Featuring another female entrepreneur (in a business many of our readers may have a passing interest in), our next selection is Lady of Ashes by Christine Trent.
In 1861 London, Violet Morgan is struggling to establish a good reputation for the undertaking business that her husband has largely abandoned. She provides comfort for the grieving, advises them on funeral fashion and etiquette, and arranges funerals.
Unbeknownst to his wife, Graham, who has nursed a hatred of America since his grandfather soldiered for Great Britain in the War of 1812, becomes involved in a scheme to sell arms to the South. Meanwhile, Violet receives the commission of a lifetime: undertaking the funeral for a friend of Queen Victoria and Prince Albert. But her position remains precarious, especially when Graham disappears and she begins investigating a series of deaths among the poor. And the closer she gets to the truth, the greater the danger for them both…
For a more modern approach to the business of undertaking (non-professional this time), I bring you lovely readers Three Graves Full by Jamie Mason.
For fans of the Coen brothers’ films or for those who just love their thrillers with a dash of sharp humor—an engaging and offbeat story about a man driven to murder, who then buries the body in his backyard only to discover that there are two other shallow graves on his property.
“There is very little peace for a man with a body buried in his backyard.”
But it could always be worse. . . .
More than a year ago, mild-mannered Jason Getty killed a man he wished he’d never met. Then he planted the problem a little too close to home. But just as he’s learning to live with the undeniable reality of what he’s done, police unearth two bodies on his property—neither of which is the one Jason buried. Jason races to stay ahead of the consequences of his crime and while chaos reigns on his lawn, his sanity unravels, snagged on the agendas of a colorful cast of strangers. A jilted woman searches for her lost fiancé, a fringe-dweller runs from a past that’s quickly gaining on him, and a couple of earnest local detectives piece it together with the help of a volunteer police dog — all of them in the wake and shadow of a dead man who had it coming. As the action unfolds, each discovers that knowing more than one side of the story doesn’t necessarily rule out a deadly margin of error.
How to Lead a Life of Crime, by Kristen Miller is just the kind of how-to the preceding protagonist could have used. A meth dealer. A prostitute. A serial killer.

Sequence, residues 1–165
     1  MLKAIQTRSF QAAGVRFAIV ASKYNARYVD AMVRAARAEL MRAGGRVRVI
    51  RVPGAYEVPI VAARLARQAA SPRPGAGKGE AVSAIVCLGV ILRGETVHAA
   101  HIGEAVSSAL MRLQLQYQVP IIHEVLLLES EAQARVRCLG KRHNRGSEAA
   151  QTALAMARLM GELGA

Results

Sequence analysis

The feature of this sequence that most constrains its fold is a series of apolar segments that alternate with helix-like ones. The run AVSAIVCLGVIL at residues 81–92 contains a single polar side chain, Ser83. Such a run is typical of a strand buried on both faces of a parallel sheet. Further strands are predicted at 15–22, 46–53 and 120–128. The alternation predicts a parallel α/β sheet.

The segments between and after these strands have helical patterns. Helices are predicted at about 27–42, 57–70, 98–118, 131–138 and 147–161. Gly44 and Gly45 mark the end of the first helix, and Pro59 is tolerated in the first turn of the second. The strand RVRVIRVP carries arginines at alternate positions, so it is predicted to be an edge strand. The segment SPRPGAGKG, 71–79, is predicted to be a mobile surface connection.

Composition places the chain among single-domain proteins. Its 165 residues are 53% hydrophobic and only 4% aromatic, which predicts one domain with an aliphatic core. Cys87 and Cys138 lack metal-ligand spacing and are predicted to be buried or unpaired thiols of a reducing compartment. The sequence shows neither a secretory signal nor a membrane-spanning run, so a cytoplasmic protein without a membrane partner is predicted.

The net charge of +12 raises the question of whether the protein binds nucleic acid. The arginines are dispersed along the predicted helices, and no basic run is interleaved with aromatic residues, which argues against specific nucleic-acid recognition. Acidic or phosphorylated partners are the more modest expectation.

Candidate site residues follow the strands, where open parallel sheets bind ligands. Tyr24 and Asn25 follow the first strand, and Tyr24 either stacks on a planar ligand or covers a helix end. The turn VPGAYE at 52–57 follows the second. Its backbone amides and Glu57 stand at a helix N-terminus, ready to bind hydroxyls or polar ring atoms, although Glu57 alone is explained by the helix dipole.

Anywhere else, they’d be vermin. At the Mandel Academy, they’re called prodigies. The most exclusive school in New York City has been training young criminals for over a century. Only the most ruthless students are allowed to graduate. The rest disappear.
Flick, a teenage pickpocket, has risen to the top of his class. But then Mandel recruits a fierce new competitor who also happens to be Flick’s old flame. They’ve been told only one of them will make it out of the Mandel Academy. Will they find a way to save each other—or will the school destroy them both?
Last but not least, is Hysteria (unfortunately not about the psychosis…or is that fortunately?) by Megan Miranda.
Mallory killed her boyfriend, Brian. She can’t remember the details of that night but everyone knows it was self-defense, so she isn’t charged. But Mallory still feels Brian’s presence in her life. Is it all in her head? Or is it something more? In desperate need of a fresh start, Mallory is sent to Monroe, a fancy prep school where no one knows her . . . or anything about her past.But the feeling follows her, as do her secrets. Then, one of her new classmates turns up dead. As suspicion falls on Mallory, she must find a way to remember the details of both deadly nights so she can prove her innocence-to herself and others.
In another riveting tale of life and death, Megan Miranda’s masterful storytelling brings readers along for a ride to the edge of sanity and back again.
Hopefully these selections will be riveting enough to wake up the spring-breakers after the week of leisure or accompany those of you just heading into spring break as you sit indoors hoping for signs of (real) Spring to appear.